Legal Business Blogs

Comment: Forget the Silicon Valley guff – can your firm shift course in 2018?

Well, 2017 promised to be a challenging year and it did not disappoint with its disappointment. With the Brexit vote upsetting an already-delicate balance in key markets, an inconclusive general election in the summer managed to ramp up the uncertainty further.

Overall, deal activity was solid throughout the year but no more, beyond a continued boom in private equity and leveraged finance work. The long term regulatory squeeze on the banking and securities industries continues, with even once apparently unstoppable shops like Goldman Sachs struggling to live up to their reputation. It is hard for partners of my vintage to get their head around the notion that the major banks are not as central clients as they used to be and will likely become less so in future. But they should get over it.

It was another tough year for the UK legal industry itself – the profession has faced a decade now trudging along without real growth and 2018 will be harder still, even if Brexit negotiations do not end in a disastrous stalemate.

So the question is: what is your firm and its leadership doing in the face of such challenges? We long ago entered the business era in which everyone is a Facebook and Apple-infused wannabe. Business jargon is infested with argot borrowed and bolted on inelegantly across industries, sometimes with relevance, often not.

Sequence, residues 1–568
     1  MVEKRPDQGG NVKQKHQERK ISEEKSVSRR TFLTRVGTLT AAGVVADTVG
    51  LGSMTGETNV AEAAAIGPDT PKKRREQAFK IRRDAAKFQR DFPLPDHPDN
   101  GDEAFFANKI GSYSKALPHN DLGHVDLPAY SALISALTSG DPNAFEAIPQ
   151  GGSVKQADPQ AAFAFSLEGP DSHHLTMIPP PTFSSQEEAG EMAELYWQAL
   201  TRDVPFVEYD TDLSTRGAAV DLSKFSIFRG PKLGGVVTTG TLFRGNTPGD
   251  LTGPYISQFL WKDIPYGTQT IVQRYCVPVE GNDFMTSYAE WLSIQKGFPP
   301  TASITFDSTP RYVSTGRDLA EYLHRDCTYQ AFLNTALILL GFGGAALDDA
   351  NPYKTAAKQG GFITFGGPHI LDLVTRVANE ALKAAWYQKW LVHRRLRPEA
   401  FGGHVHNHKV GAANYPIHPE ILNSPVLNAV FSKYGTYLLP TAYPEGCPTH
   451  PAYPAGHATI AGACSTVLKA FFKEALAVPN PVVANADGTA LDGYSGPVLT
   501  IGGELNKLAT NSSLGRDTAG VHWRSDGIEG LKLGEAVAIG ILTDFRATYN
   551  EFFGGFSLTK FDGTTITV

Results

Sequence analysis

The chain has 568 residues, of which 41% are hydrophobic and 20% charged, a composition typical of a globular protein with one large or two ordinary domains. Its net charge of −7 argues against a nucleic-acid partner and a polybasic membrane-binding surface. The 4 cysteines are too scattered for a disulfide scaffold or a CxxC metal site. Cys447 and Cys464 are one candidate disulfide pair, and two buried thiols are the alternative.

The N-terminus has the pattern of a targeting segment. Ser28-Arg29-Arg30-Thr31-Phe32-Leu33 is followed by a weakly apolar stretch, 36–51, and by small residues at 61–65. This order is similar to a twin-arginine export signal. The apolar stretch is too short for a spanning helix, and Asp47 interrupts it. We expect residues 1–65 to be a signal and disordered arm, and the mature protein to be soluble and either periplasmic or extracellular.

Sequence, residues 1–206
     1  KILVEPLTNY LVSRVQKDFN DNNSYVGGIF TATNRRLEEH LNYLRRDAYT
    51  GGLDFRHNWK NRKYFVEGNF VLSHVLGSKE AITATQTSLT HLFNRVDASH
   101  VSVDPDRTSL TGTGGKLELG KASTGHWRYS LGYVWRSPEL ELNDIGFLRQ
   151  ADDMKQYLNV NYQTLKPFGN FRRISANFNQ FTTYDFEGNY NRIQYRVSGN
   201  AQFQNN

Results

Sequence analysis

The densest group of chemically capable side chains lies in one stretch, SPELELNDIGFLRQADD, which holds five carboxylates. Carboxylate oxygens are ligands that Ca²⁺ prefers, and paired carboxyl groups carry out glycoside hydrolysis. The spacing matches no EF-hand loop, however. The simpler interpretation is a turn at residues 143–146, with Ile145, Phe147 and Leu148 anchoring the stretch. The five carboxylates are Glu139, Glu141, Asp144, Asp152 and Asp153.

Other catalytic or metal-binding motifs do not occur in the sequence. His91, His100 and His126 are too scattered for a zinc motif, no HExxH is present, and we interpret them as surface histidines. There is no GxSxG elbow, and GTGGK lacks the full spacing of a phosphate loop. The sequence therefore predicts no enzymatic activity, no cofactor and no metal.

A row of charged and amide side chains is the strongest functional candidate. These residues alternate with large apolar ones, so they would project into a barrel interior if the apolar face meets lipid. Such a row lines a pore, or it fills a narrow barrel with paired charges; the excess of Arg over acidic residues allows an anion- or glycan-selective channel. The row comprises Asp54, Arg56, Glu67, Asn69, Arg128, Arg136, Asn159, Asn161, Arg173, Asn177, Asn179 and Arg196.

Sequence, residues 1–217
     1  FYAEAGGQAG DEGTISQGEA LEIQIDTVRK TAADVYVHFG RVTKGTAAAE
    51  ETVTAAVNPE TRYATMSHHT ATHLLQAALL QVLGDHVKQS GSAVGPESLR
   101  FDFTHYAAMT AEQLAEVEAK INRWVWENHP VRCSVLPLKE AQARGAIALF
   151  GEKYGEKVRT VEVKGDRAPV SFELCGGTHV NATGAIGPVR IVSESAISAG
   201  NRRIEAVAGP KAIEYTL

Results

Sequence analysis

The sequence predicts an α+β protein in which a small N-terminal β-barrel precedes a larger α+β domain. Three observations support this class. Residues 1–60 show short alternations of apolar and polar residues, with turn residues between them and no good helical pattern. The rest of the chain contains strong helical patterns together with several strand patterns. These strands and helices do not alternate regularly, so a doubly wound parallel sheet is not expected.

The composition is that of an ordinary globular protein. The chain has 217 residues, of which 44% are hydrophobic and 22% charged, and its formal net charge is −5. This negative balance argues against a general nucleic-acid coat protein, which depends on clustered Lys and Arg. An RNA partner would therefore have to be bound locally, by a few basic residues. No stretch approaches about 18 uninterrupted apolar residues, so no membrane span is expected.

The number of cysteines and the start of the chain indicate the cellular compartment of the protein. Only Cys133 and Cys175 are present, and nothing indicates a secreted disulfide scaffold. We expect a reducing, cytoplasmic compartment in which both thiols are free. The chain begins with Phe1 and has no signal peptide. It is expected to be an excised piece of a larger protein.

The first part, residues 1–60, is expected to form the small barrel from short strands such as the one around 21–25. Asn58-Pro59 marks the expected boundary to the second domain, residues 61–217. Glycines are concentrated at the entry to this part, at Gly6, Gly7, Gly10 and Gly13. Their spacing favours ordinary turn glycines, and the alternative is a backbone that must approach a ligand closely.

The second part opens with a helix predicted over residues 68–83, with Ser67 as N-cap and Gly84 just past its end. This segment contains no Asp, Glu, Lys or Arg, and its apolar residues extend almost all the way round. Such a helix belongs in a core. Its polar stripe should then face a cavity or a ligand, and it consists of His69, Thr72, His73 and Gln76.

Your managing partners can talk about ‘disruption’, structural challenges and technologies with the best of them, but what is happening on the ground? I used to opine that the legal industry got a bad reputation for conservatism that belied a tactical nous and responsiveness that had served it well. You can reverse that statement now.

I look at many major UK law firms and find they are mired in incremental reshaping and minor improvements in process and costs a near-decade after the banking crisis. But in the face of gaping strategic issues in terms of US coverage, globalisation and business models, they continue to fiddle and react too slowly. In contrast, during the 1990s, a group of London law firms pushed through dramatic changes in strategy and business models at startling speed in a little over a decade.

I know one law firm that has been engaged in an internal debate over its compensation model for 18 months with no movement. Yet the firm acts as if it has all the time in the world to make a change that is obviously necessary.

Law firms are better governed now, have better business services staff and financial management has improved. These virtues matter, but there is also danger in efficiently doing the wrong thing. The managerialism that has overtaken the UK profession is no substitute for leadership and hard tactical choices.

The legal profession in this country has much to be proud of, but if it does not rediscover the daring that allowed it to blaze a trail across the global profession in the 1990s and 2000s, it will be badly diminished. As 2018 awaits, there has never been a greater need for bold thinkers.